• they are all rejected by M’

• If M loops on w

• they all loop on M’

• M’ = “On input x:

• If x has the form 0n1n, accept

• If x does not have this form, run M on input wand output answer”

L(M’)in relation to S

• If M accepts w

• M’ recognizes {0n1n}∪{0,1}*

• {0,1}* is regular

• R will accept M’

• If M does not accept w

• M’ recognizes {0n1n}∪Ø

• {0n1n} is not regular

• R will reject M’

REGULARTM is undecidable

• Assume “R that decides REGULARTM” exists

• We construct S to decide ATM

“On input <M, w>, where M is a TM and w is a string:

• Construct the following TM M’

M’ = “On input x:

• If x has the form 0n1n, accept

• If x does not have this form, run M on input w and accept if M accepts w”

2. Run R on input <M’>

3. Output the output of R”

• Now, S decides ATM… Contradiction!

• L = {<M, w> |M accepts all strings shorter than w}

• Show that L is undecidable

L is undecidable?

• L = {<M, w> |M accepts all strings shorter than w}

• Again, we try to use the undecidability of ATM to achieve a contradiction

• Assume there is a TM R that decides L

• Construct a TM (by R), S that decides ATM

• On input <M, w>

• where M is a TM and w is a string:

• Construct M’ by M and w

• Run R on <M’, ?>

• This time, we have a TM that takes 2 arguments – a TM, and a string – as inputs

• Think what string to put as the 2nd input

Idea of M’

• Strategy: Convert M into another TM M’: M’ accepts all strings shorter than ziffM accepts w

• We want to achieve the following:

• When we run R on <M’, z>,

the output is “accept” iffM accepts w

Idea of M’

• Strategy: Convert M into another TM M’: M’ accepts all strings shorter than “1”iffM accepts w

• We want to achieve the following:

• When we run R on <M’, “1”>,

the output is “accept” iffM accepts w

• M’ = “On input x:

• If x =ε

Run M on w

• If x ≠ε

Reject

• For M’

• If M accepts w

• the only possibility is input isε ANDM’ accepts ε

• If M rejects w,

• Case 1: x=ε

• M’ rejects

• Case 2: x ≠ε

• M’ rejects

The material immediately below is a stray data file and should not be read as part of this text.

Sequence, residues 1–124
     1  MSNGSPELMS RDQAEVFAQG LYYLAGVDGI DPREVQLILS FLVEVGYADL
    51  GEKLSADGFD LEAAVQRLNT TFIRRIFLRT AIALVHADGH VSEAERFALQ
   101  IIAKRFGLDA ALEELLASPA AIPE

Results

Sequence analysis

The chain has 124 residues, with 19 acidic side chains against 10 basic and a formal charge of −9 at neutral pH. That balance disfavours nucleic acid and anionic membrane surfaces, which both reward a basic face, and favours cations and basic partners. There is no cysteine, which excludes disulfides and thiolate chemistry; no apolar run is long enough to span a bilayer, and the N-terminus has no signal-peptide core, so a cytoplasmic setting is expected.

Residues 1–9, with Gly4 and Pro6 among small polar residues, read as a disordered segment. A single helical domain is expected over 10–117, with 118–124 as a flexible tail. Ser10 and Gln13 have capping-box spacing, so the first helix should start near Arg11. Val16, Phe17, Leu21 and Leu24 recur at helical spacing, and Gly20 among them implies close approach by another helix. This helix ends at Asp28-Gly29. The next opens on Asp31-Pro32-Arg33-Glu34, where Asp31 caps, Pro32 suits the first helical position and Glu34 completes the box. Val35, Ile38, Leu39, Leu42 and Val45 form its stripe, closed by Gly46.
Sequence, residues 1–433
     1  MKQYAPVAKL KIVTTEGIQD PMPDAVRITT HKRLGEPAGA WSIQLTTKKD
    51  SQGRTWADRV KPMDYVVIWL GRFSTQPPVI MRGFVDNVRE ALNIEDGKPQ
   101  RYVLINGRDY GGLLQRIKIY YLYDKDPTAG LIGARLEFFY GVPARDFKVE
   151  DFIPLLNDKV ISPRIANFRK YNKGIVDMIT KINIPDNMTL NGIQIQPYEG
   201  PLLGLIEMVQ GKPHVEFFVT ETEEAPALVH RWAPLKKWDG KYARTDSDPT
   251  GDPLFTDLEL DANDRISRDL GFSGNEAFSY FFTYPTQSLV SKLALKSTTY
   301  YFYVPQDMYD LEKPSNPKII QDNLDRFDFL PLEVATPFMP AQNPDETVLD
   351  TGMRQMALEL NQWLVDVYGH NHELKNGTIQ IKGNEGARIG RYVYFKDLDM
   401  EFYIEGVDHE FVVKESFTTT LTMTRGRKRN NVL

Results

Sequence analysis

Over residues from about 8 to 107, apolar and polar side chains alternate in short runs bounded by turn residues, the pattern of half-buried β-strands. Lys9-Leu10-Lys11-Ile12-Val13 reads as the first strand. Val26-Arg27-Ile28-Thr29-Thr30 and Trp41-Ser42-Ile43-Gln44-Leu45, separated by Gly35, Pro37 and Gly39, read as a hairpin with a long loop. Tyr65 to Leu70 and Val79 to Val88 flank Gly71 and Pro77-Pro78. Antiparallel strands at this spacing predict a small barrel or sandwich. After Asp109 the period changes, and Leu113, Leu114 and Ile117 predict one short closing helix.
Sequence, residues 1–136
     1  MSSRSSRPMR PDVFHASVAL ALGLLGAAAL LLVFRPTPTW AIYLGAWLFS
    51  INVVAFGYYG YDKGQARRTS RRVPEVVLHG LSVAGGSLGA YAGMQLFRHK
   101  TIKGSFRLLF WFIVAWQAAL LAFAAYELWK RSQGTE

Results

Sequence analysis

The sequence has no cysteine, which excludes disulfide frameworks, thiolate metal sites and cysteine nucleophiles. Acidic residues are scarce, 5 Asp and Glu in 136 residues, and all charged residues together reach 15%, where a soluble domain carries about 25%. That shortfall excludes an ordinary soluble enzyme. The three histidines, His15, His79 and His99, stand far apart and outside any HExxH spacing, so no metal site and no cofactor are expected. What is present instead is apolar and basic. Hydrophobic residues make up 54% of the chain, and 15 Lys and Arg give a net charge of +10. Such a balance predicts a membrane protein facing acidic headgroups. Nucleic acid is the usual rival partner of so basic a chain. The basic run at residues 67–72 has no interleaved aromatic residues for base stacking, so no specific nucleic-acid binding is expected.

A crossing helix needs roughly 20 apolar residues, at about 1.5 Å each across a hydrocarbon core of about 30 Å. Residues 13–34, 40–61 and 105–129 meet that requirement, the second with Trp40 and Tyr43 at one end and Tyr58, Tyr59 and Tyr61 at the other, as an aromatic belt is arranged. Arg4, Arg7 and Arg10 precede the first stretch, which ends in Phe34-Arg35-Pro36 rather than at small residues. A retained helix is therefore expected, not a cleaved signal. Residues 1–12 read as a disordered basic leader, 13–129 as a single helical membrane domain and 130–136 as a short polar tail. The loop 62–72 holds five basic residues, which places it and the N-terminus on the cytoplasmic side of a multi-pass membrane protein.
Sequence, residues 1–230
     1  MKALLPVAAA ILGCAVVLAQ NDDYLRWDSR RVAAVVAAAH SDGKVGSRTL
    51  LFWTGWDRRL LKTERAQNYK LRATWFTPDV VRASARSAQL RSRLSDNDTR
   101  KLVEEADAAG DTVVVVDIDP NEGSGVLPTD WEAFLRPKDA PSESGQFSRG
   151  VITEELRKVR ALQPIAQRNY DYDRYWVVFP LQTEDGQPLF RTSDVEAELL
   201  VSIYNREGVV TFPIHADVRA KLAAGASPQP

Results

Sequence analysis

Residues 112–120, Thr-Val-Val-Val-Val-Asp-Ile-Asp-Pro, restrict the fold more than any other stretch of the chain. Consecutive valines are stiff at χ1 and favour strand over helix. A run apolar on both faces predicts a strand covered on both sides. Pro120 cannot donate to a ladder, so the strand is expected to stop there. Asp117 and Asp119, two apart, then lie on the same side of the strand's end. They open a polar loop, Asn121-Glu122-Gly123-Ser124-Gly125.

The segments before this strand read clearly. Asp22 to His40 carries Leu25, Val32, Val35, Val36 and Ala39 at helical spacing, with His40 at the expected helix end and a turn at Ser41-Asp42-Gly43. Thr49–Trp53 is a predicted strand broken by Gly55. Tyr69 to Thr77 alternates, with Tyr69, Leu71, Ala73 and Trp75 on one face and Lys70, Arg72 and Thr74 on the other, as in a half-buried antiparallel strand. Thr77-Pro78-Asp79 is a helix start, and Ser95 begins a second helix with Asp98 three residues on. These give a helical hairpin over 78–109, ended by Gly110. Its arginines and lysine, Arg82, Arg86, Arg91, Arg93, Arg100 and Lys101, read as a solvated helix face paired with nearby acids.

• If M loops on w

• Case 1: x=ε

• M’ loops

• Case 2: x ≠ε

• M’ rejects

• M’ = “On input x:

• If x =ε run M on w and output answer

• If x ≠ε reject”

• For M’

• If M accepts w

• M’ accepts only ε

• Otherwise

• M’ does not accepts any string

• including ε

• M’ = “On input x:

• If x =ε run M on w and output answer

• If x ≠ε reject”

L(M’)in relation to S

• If M accepts w

• L(M’) = {ε}

• {ε} is exactly the language that contains all string shorter than “1”

• S accepts <M’, “1”>

• Otherwise (i.e., M loops on or rejects w)

• L(M’) = Ø

• S rejects <M’, “1”>

L is undecidable

• Assume “R that decides REGULARTM” exists

• We construct S to decide ATM

“On input <M, w>, where M is a TM and w is a string:

• Construct the following TM M’M’ = “On input x:

• If x =ε

Run M on x

• If x ≠ε

Reject

2. Run R on input <M’, “1”>

3. Output the output of R”

• Now, S decides ATM… Contradiction!

• ### Conclusion

• Given an undecidable language, L

• Assume such a decider TM R, exists

R

Assume such a decider TM R, exists

Construct a TM, M’, by M and w

M is from input

Pf: Undecidability by Reduction

R

Input

Modify

M

M’

w

37

Assume such a decider TM R, exists

Construct a TM, M’, by M and w

M is from input

Feed M’ to R

Pf: Undecidability by Reduction

R

Input

Modify

M

M’

w

38

“M acc w” then ACC

Otherwise,REJ

• Given an undecidable language, L

• Assume such a decider TM R, exists

• Construct a TM, M’, by M and w

• M is from input

• Feed M’ to R

• If you are right

• R will accept M’iff M accepts w

• R will reject M’iff M does not accept w

• Thus, you obtain a decider for ATM

R

Input

Modify

M

M’

w

• Thanks for coming!

• I understand that this topic is confusing…

• Should have some questions?